Duty To Consult Case Overview 2014

In 2014 there were over twenty court decisions across Canada related to the duty of federal, provincial and territorial governments to consult with and accommodate First Nations.

The Supreme Court of Canada released two significant decisions: Tsilhqot'in Nation v. British Columbia1, and Grassy Narrows First Nation v. Ontario (Natural Resources)2. Although these judgments addressed broader Aboriginal law issues, both articulated important principles that will significantly influence the interpretation of the duty to consult and accommodate in the future, both in the courts and in practice.

In the lower courts there were a number of notable developments in this growing body of the common law. Key themes of 2014 included the relationship between the duty to consult and First Nation economic interests, the legislative process, delegation of consultation responsibilities, and the application of broader administrative law principles. Courts also expressed concern about the imbalance between the Crown agents and First Nations to adequately resource consultation processes.

Tsilhqot'in addressed the duty to consult and accommodate in relation to proven Aboriginal title lands. In such cases, the duty is at the highest end of the spectrum and puts a heavy burden on the Crown to justify title infringement when a First Nation doesn't consent to development. In situations where title has been proven, the honor of the Crown elevates to a fiduciary duty. If title is proven after a permit is issued, the permit may be revoked. The Court stated that provincial governments can infringe Aboriginal title lands, but there must be express legislative authority to do so, and further, that there are inherent limits to infringement.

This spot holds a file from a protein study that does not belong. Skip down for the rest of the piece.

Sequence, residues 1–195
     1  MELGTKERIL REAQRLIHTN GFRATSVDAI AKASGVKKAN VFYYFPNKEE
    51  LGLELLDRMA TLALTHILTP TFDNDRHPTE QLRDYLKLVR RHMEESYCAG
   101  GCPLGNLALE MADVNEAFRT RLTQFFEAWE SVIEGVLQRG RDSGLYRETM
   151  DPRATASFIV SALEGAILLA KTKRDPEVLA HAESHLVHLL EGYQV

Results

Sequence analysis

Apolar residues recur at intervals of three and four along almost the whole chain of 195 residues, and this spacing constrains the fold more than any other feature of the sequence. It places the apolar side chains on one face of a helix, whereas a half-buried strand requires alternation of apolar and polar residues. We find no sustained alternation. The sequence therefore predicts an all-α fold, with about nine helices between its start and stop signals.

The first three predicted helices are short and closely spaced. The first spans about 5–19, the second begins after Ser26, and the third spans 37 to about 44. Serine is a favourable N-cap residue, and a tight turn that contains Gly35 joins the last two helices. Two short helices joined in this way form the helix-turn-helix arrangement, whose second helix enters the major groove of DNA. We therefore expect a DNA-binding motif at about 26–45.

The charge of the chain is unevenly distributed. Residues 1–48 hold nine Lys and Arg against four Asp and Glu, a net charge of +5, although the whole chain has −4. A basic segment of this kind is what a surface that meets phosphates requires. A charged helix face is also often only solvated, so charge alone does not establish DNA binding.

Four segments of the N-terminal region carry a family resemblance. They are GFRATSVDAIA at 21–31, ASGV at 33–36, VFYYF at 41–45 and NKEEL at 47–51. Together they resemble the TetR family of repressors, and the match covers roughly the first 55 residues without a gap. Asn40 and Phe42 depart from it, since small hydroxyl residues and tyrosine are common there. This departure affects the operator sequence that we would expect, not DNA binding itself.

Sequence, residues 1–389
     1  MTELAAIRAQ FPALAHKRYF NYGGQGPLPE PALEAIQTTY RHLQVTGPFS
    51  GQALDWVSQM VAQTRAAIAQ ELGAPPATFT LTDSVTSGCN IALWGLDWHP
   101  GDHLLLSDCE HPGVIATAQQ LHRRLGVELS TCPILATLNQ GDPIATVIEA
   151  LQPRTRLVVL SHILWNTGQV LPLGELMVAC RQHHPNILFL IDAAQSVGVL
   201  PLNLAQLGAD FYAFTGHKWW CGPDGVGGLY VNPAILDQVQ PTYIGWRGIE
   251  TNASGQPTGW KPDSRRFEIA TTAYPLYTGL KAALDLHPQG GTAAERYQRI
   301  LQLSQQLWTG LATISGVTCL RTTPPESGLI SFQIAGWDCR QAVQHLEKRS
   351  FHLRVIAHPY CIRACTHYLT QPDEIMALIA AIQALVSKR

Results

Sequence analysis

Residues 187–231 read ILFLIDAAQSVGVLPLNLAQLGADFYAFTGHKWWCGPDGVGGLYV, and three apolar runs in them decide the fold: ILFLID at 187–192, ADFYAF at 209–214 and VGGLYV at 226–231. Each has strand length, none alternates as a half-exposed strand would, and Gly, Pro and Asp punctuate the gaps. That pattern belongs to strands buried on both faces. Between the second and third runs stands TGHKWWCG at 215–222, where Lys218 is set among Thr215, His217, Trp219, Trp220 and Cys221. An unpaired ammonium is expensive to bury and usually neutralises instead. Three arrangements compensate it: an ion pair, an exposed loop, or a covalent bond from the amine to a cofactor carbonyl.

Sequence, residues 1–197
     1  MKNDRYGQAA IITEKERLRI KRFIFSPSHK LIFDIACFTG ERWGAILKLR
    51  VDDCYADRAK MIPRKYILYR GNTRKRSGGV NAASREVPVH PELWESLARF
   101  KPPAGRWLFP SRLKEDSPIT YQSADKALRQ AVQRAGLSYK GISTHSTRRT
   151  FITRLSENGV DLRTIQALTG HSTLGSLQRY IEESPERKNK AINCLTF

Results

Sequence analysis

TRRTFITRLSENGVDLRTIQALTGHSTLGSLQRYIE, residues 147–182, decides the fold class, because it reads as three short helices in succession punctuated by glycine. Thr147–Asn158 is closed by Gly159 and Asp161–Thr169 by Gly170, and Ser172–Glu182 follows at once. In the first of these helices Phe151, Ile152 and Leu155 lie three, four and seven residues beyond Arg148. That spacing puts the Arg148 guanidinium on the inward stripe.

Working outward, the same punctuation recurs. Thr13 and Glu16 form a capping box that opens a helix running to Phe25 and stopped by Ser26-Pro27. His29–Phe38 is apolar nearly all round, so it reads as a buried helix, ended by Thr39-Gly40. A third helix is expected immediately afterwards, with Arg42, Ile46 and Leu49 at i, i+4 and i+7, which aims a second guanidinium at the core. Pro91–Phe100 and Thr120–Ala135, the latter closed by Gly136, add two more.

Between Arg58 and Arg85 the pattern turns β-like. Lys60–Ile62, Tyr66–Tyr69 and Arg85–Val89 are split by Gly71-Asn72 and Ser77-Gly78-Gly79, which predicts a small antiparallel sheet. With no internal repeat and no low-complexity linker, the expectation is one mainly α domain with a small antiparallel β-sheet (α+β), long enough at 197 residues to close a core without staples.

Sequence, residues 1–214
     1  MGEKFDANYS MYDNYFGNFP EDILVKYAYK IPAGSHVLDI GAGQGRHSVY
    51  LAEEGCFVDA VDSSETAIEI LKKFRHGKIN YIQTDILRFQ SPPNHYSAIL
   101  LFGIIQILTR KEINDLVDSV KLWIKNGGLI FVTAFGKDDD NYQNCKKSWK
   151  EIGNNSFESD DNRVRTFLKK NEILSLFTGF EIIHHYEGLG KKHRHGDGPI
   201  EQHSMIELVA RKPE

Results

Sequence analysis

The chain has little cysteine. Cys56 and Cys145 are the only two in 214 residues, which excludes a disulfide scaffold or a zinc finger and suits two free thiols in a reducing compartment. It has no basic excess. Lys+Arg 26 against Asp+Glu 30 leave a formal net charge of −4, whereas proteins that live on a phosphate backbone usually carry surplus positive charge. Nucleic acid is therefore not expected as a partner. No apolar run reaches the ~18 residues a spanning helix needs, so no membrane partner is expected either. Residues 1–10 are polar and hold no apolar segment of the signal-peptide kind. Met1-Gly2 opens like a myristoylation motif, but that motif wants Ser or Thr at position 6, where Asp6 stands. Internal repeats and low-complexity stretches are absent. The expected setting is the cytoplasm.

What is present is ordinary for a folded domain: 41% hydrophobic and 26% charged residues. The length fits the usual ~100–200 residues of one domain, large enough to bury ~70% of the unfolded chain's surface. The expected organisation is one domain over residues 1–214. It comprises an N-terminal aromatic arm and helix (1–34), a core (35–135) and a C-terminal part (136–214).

In Grassy Narrows, the Court similarly found that a province can infringe Treaty rights, but it must demonstrably uphold the honour of the Crown at all times. The court also expressed an inherent limit on infringement- it can't go beyond a point that leaves the First Nation with no meaningful ability to practice its traditional ways of life.

In the cases of Squamish Nation v. British Columbia (Community, Sport and Culture Development)3 and Ehattesaht v. British Columbia (Forests, Lands and Natural Resource Operations)4the British Columbia Supreme Court found that potential adverse impacts to a First Nation's economic interests triggered the duty to consult and accommodate. While the Court has previously recognized a duty to consult with...

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